An American missionary working in the Russian Republic received unmistakable confirmation recently that his e-mail communications have been monitored by the Russian government for some time. A local e-mail company, through which this missionary connects to the Internet, passed copies of many of his messages to a government official. The official in question made it clear that this missionary could expect visa difficulties in the future--which has proven to be the case. Another Western parachurch ministry fears Russian mafia may be screening missionary Internet communications.
E-mail services in Russia, including Western companies such as MCIMail and Compuserve, usually are accessed by dialing into a local e-mail company: no 800 numbers exist there for direct connections to MCIMail or Compuserve. As a result, e-mail can easily be monitored, as can fax communications. Furthermore, since April 1995, a Yeltsin presidential decree has prohibited e-mail encryption, thus, if enforced, removing the possibility of coded messages free from Russian officials' prying eyes. (See Sophia Coudenhove, "State Control Over Electronic Data Feared," Moscow Times, 4 June 1995, 15.)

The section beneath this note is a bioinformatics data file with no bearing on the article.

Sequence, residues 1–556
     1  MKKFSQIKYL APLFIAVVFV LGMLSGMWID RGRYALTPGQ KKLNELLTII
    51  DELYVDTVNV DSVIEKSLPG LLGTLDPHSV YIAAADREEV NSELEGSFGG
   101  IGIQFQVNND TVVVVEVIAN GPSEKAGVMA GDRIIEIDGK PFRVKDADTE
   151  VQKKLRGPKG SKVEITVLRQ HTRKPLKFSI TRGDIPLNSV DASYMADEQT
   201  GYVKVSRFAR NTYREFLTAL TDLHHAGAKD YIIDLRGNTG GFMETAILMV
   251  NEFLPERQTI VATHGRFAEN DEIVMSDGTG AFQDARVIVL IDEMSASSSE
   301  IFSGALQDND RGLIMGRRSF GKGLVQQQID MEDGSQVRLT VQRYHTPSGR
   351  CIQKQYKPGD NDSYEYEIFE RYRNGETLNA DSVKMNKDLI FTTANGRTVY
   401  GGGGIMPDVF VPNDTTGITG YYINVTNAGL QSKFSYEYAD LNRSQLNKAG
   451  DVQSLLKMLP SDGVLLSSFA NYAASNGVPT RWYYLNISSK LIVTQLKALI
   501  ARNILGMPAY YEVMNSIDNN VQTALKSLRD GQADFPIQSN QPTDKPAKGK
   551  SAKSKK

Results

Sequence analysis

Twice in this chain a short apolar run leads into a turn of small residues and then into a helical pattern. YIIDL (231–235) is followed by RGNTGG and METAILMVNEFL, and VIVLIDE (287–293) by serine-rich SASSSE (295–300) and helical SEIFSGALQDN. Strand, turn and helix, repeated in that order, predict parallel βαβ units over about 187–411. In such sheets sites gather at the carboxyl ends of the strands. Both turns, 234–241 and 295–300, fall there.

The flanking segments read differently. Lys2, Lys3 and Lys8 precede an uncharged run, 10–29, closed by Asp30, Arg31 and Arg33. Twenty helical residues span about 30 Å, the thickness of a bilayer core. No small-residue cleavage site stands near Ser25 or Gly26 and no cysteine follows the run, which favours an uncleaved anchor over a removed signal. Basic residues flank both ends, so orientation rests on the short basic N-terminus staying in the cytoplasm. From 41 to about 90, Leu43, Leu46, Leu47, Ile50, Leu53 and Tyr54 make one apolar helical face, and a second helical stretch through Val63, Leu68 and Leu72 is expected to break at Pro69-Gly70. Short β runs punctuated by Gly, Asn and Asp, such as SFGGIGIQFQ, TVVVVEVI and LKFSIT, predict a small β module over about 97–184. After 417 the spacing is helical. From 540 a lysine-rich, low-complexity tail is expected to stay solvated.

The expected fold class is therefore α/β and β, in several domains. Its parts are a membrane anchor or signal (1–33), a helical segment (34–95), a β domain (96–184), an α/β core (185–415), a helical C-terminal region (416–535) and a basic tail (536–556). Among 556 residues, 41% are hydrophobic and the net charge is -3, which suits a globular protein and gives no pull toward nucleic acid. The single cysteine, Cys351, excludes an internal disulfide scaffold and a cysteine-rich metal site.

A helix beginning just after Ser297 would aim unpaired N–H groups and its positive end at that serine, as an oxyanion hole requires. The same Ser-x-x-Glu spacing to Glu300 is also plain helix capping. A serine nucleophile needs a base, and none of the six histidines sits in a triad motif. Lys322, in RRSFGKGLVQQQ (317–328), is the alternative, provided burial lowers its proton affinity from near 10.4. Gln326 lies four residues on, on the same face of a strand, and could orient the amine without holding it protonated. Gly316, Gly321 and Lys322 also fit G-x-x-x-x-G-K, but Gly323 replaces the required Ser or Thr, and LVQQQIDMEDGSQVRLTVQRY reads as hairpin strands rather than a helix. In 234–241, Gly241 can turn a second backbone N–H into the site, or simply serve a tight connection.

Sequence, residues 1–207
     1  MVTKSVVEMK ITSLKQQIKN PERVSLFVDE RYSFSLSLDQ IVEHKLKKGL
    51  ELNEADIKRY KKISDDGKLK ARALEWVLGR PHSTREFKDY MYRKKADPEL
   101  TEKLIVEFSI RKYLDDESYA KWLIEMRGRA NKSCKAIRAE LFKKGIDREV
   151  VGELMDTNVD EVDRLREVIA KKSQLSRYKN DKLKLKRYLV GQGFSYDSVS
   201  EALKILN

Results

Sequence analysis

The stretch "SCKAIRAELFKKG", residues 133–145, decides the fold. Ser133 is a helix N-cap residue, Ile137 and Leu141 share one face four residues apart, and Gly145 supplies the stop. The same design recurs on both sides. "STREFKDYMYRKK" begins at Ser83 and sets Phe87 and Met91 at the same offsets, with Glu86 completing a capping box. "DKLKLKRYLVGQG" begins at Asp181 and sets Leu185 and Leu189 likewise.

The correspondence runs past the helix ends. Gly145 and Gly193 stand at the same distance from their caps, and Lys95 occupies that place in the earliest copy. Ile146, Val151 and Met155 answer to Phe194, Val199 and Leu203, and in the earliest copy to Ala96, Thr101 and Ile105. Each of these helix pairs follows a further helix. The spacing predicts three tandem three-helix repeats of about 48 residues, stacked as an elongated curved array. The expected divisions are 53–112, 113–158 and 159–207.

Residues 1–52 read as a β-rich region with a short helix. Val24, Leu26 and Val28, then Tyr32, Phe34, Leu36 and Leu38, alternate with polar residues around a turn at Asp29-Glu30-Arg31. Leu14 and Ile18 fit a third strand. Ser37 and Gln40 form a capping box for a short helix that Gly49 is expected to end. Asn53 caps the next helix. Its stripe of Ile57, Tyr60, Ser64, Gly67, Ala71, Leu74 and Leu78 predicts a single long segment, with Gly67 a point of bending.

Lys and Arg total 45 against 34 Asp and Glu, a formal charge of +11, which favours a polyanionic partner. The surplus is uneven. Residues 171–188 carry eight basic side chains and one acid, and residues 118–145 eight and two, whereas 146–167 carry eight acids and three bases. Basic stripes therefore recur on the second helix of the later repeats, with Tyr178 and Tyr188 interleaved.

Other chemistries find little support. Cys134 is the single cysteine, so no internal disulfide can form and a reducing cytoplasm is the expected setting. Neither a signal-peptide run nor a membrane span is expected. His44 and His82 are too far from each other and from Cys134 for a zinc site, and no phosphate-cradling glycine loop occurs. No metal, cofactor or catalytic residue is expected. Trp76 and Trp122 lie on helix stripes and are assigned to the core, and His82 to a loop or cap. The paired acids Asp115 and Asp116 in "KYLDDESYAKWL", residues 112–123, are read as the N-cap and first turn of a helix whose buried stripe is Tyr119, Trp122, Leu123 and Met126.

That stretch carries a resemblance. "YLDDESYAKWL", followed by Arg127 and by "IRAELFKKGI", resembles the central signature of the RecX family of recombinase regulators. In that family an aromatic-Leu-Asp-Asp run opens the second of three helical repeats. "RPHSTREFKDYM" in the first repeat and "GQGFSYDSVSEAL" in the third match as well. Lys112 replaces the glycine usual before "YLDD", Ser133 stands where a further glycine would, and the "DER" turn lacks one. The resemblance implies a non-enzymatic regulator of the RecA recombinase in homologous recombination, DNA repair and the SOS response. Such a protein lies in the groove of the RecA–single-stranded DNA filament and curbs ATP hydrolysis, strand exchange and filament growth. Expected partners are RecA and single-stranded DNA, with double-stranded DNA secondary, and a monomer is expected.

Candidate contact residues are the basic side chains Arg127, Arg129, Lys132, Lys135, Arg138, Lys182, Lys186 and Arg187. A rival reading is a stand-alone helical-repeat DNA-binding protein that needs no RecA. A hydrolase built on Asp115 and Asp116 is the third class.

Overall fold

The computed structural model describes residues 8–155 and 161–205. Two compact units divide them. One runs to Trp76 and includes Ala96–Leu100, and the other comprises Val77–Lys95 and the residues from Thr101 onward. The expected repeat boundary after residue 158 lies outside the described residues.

Veteran Western missionaries in Russia respond, on the one hand, noting that the tremendous volume of e-mail and fax communications to and from major cities makes comprehensive government monitoring impractical. On the other hand, they note that a given church or parachurch ministry of special interest to the authorities, even in Moscow or St. Petersburg, is liable to systematic invasion of privacy.
It would seem prudent for persons using e-mail in Russia, or between Russia and other countries, to limit the content of their messages to routine, day-to-day business. It would appear to be unwise to communicate sensitive information, including strategies, personnel issues, and finances, via Russian e-mail. Since mail and fax also lack assured privacy, Western courier services or hand delivery of especially sensitive communications would seem advisable.
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© 1995 Institute for East-West Christian Studies